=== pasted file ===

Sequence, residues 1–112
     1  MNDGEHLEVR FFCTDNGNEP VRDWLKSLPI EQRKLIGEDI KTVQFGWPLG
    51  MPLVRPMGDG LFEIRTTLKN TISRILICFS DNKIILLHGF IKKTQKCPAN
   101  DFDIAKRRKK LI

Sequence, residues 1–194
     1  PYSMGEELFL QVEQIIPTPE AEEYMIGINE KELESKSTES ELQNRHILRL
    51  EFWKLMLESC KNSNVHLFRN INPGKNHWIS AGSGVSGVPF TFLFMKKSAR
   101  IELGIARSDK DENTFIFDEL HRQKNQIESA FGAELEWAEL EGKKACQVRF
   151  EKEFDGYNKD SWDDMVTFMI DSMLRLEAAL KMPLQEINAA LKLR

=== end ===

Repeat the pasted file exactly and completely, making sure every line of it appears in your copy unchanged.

Sequence, residues 1–112
     1  MNDGEHLEVR FFCTDNGNEP VRDWLKSLPI EQRKLIGEDI KTVQFGWPLG
    51  MPLVRPMGDG LFEIRTTLKN TISRILICFS DNKIILLHGF IKKTQKCPAN
   101  DFDIAKRRKK LI

Sequence, residues 1–194
     1  PYSMGEELFL QVEQIIPTPE AEEYMIGINE KELESKSTES ELQNRHILRL
    51  EFWKLMLESC KNSNVHLFRN INPGKNHWIS AGSGVSGVPF TFLFMKKSAR
   101  IELGIARSDK DENTFIFDEL HRQKNQIESA FGAELEWAEL EGKKACQVRF
   151  EKEFDGYNKD SWDDMVTFMI DSMLRLEAAL KMPLQEINAA LKLR